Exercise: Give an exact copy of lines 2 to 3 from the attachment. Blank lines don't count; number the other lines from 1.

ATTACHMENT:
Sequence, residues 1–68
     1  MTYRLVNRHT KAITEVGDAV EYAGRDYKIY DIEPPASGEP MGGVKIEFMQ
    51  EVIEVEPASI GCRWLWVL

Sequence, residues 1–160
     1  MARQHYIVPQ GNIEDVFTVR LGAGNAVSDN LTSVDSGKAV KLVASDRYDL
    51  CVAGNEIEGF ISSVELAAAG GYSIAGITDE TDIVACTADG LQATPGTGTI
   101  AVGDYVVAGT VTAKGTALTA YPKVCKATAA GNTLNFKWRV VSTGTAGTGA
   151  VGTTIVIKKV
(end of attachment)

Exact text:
     1  MTYRLVNRHT KAITEVGDAV EYAGRDYKIY DIEPPASGEP MGGVKIEFMQ
    51  EVIEVEPASI GCRWLWVL